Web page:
Dysfunctional High-Density Lipoprotein in Patients on Chronic Hemodialysis

Study Questions:

What is the functionality of high-density lipoprotein (HDL) particles in individuals with end-stage renal disease on dialysis (ESRD-HD)?

Methods:

Cellular cholesterol efflux and inflammatory response were assessed in macrophages exposed to HDL of 29 patients with ESRD-HD and 28 controls. Demographic and clinical factors were compared, and the correlation between efflux and mRNA expression of inflammatory parameters (high-sensitivity C-reactive protein [hsCRP], interleukin-1-beta, interleukin-6, and tumor necrosis factor-alpha) was assessed with the Spearman rank correlation test. The adjusted difference in efflux between patients with ESRD-HD and controls was assessed using multivariable linear regression models with adjustment for age, sex, race, body mass index, diabetes, statin usage, hsCRP, total cholesterol, triglycerides, HDL, low-density lipoprotein, cardiovascular disease (CVD), and angiotensin-converting enzyme inhibitor/angiotensin-receptor blocker usage.

Results:

HDL from patients with ESRD-HD was dramatically less effective than normal HDL in accepting cholesterol from macrophages (median 6.9%; interquartile range [IQR], 1.4-10.2) versus control (median 14.9%; IQR, 9.8-17.8; p < 0.001). The profound efflux impairment was also seen in patients with ESRD-HD and diabetes compared with patients with diabetes without renal disease (median 8.1%; IQR, 3.3-12.9) versus control (median 13.6%; IQR, 11.0-15.9; p = 0.009). In vitro activation of cellular cholesterol transporters increased cholesterol efflux to both normal and uremic HDL. HDL of patients with ESRD-HD had reduced anti-chemotactic ability and increased macrophage cytokine response (tumor necrosis factor-alpha, interleukin-6, and interleukin-1-beta). HDL of patients with ESRD-HD on statin therapy had reduced inflammatory response, but impaired cholesterol acceptor function. Impaired HDL-mediated efflux did not correlate with circulating CRP levels or cellular inflammatory response.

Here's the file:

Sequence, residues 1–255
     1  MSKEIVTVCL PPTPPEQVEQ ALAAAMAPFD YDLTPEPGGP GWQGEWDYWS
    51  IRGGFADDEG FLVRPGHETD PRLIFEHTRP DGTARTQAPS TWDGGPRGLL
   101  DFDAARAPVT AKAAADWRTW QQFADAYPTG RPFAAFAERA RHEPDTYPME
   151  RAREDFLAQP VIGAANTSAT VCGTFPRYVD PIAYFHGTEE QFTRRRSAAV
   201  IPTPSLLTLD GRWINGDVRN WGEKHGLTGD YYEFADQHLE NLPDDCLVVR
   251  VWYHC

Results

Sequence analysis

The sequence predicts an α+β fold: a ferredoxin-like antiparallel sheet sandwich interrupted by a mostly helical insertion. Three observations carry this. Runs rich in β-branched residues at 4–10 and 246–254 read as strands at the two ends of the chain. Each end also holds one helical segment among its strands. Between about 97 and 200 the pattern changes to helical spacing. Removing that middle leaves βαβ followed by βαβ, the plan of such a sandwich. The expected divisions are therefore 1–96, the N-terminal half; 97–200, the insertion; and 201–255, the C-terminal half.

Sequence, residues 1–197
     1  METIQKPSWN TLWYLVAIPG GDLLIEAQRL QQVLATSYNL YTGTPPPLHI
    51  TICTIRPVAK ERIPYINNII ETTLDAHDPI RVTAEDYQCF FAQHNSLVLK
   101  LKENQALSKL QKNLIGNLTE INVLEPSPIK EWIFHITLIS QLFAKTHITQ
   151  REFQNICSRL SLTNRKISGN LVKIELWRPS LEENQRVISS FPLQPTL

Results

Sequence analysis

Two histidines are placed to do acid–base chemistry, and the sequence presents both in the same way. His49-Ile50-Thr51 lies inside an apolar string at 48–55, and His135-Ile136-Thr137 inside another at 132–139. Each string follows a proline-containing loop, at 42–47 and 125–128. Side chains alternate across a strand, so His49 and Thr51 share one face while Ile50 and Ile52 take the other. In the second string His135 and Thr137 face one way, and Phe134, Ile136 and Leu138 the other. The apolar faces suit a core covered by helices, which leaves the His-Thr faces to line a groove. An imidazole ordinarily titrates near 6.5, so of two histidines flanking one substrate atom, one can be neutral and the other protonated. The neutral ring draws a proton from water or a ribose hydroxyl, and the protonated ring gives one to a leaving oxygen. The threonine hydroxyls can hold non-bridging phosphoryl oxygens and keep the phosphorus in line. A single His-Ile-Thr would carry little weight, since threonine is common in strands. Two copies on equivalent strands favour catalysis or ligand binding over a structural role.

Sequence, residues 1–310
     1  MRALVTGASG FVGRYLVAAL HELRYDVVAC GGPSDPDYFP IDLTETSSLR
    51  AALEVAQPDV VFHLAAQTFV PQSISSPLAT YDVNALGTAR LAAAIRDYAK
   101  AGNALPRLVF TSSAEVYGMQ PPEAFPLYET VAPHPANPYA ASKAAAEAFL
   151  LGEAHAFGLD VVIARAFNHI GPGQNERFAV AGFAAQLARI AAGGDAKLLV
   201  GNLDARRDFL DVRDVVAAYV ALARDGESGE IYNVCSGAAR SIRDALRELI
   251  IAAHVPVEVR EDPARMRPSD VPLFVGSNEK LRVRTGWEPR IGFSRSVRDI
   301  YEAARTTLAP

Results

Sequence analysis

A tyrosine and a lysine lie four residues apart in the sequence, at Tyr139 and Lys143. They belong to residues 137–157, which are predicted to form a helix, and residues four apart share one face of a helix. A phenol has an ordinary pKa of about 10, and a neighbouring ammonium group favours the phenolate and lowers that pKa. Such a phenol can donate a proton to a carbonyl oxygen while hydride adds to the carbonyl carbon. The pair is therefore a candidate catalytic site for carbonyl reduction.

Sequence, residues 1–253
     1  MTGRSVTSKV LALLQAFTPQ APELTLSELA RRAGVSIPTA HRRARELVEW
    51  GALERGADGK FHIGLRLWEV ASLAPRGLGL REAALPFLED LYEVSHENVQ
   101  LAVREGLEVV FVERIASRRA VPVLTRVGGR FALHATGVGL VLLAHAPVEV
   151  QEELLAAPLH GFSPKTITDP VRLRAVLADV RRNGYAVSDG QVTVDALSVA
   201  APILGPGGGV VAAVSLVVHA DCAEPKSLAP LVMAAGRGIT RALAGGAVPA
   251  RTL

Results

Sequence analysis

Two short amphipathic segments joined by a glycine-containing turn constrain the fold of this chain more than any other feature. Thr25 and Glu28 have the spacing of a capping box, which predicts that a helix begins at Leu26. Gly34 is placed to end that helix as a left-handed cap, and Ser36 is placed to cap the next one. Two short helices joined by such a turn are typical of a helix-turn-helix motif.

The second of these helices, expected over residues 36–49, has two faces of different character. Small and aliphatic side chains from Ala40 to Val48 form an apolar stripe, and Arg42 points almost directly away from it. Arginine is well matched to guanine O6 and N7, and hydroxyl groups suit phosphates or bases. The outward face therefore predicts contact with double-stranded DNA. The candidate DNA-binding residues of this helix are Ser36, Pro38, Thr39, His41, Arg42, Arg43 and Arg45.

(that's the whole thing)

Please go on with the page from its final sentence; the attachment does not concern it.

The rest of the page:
Conclusions:

An abnormal HDL capacity to mediate cholesterol efflux is a key driver of excess CVD in patients on chronic hemodialysis, and may explain why statins have limited effect to decrease CV events. The findings also suggest cellular cholesterol transporters as potential therapeutic targets to decrease CV risk in this population.

Perspective:

Dysfunctional HDL particles have a lack of or reduced ability to promote reverse cholesterol transport, have pro- rather than anti-inflammatory effects, and may be pro-thrombotic. The inability of statins to reduce CV event rates in ESRD has been demonstrated in several trials. HDL dysfunction is likely an important contributor to the very high CV event rates in ESRD, but may not explain the failure of statins.

Clinical Topics: Diabetes and Cardiometabolic Disease, Dyslipidemia, Lipid Metabolism, Nonstatins, Novel Agents, Statins

Keywords: Cytokines, Hydroxymethylglutaryl-CoA Reductase Inhibitors, Lipoproteins, Cholesterol, Renal Dialysis, Renal Insufficiency, C-Reactive Protein, Body Mass Index, Cardiology, Cardiovascular Diseases, Triglycerides, Diabetes Mellitus


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